Mark Oliver Everett, the hirsute frontman of Eels, was once mistaken as a terrorist on a visit to London. Now he’s been handed the keys to the city.
The artist and producer, also known as E, was honored with the Freedom of the City of London during a ceremony Thursday at London’s Guildhall.
Everett’s alternative rock group has always maintained a loyal fanbase in Britain, but his relations with London’s Metropolitan Police hasn’t been quite as warm. In 2010, “Bobbies” questioned Everett on suspicions of terrorism while taking a stroll through Hyde Park.
E can laugh about it now. "To go from being a suspected terrorist, to having the Freedom of the City is quite amazing,” he says in a comment posted on his Facebook page. “It shows that anything is possible in London. I love this place." E wore a grey suit and black hat at the ceremony, and shared his big moment on his social networks.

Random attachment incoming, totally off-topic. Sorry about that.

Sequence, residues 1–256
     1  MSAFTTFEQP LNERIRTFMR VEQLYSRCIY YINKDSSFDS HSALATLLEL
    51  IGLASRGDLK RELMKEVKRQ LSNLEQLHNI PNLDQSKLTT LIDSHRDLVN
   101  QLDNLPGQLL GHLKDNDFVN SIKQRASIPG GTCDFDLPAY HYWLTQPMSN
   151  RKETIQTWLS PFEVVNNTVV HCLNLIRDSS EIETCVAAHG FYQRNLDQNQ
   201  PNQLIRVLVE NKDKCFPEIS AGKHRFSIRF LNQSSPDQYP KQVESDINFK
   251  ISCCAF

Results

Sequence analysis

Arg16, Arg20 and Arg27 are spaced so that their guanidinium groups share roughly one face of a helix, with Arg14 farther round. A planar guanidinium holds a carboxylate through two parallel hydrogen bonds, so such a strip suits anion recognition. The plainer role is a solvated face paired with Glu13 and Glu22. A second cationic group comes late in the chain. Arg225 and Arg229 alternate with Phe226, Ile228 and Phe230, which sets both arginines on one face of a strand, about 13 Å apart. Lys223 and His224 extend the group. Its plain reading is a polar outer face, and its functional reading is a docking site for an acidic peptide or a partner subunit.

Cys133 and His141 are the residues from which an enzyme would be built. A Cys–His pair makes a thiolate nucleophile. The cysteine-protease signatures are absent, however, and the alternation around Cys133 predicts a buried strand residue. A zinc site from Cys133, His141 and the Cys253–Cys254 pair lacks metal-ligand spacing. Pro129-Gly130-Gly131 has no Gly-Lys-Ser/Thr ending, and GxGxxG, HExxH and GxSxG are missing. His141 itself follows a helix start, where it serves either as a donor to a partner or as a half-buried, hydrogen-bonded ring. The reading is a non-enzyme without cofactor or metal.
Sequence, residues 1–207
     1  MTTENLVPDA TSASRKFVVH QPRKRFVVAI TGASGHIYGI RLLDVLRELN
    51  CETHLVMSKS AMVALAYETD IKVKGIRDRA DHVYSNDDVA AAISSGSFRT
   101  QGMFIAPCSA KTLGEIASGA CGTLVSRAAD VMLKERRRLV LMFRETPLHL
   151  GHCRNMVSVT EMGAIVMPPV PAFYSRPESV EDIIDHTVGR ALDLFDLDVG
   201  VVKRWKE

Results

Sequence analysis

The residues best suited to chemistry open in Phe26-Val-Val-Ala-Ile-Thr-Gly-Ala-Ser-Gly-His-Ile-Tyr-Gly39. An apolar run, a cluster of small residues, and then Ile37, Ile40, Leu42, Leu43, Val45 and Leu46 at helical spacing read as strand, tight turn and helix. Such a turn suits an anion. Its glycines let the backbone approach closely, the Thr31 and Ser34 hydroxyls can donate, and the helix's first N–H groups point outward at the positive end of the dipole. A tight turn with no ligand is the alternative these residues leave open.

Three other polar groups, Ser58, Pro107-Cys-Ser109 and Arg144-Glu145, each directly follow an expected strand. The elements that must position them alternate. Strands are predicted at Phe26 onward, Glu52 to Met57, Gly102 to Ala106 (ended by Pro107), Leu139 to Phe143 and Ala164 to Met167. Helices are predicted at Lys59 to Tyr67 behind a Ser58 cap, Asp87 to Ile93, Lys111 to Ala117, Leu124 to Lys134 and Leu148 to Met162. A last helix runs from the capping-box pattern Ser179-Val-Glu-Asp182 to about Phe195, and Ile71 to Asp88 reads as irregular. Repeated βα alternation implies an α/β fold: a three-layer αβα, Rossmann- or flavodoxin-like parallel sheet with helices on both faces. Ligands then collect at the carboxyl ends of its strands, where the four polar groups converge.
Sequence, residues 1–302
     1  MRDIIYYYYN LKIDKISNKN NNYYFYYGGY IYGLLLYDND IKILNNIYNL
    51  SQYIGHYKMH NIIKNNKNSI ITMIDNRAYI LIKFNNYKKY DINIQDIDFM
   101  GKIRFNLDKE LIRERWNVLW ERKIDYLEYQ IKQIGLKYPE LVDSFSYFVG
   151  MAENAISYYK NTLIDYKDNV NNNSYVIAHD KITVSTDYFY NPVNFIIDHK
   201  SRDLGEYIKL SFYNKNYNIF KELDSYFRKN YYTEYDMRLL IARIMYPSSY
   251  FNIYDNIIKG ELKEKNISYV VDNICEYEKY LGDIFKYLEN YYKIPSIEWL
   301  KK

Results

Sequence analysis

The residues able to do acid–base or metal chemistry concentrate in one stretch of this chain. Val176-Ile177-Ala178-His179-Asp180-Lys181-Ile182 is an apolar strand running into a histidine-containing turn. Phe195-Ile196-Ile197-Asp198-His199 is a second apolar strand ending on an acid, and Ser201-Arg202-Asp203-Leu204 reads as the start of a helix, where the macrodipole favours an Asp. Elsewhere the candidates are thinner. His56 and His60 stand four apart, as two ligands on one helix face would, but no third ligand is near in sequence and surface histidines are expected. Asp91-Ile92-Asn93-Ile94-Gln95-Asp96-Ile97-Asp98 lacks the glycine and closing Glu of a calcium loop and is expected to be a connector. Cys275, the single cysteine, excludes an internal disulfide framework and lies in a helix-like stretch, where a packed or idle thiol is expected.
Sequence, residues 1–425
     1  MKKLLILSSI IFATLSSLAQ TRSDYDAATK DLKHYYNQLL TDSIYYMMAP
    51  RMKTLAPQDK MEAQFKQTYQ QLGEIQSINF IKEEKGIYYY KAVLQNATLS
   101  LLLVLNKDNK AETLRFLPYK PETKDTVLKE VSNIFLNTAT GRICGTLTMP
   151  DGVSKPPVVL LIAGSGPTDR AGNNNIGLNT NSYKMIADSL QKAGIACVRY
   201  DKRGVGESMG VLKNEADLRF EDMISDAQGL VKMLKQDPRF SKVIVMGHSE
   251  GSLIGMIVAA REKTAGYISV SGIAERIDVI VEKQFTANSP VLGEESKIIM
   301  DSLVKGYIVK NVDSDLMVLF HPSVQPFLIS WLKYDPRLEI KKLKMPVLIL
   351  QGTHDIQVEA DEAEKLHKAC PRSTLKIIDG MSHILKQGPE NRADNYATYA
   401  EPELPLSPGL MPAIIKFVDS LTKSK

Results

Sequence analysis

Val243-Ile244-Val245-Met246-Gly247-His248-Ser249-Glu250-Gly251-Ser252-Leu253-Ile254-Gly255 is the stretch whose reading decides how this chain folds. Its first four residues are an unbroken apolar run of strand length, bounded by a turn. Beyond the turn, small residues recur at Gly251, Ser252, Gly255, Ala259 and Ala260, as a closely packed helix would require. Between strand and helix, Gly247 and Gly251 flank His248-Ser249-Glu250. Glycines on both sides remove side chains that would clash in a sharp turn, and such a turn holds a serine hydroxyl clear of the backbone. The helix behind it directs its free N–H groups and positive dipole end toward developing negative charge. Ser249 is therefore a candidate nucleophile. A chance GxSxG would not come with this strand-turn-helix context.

U.S.-born Everett joins the likes of Winston Churchill, Princess Diana, Nelson Mandela and fellow musicians Bob Geldof, Placido Domingo and Luciano Pavarott as recipients of the prestigious award. He was reportedly nominated by two of the City of London Corporation's senior officers. The Freedom is one of the oldest surviving traditional ceremonies in existence, with the first ceremony dating back to 1237. The honor was only opened-up to non-British citizens in 1996.
Eels' 11th studio album "The Cautionary Tales of Mark Oliver Everett" was released earlier this year.